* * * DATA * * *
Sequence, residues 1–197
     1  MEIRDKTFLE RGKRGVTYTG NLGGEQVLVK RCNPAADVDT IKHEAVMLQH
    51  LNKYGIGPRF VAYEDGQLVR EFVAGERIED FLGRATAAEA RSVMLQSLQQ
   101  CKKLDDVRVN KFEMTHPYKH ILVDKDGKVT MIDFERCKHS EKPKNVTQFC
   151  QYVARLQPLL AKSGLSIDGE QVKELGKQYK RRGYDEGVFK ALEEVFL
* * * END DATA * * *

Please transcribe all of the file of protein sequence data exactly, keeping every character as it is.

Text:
Sequence, residues 1–197
     1  MEIRDKTFLE RGKRGVTYTG NLGGEQVLVK RCNPAADVDT IKHEAVMLQH
    51  LNKYGIGPRF VAYEDGQLVR EFVAGERIED FLGRATAAEA RSVMLQSLQQ
   101  CKKLDDVRVN KFEMTHPYKH ILVDKDGKVT MIDFERCKHS EKPKNVTQFC
   151  QYVARLQPLL AKSGLSIDGE QVKELGKQYK RRGYDEGVFK ALEEVFL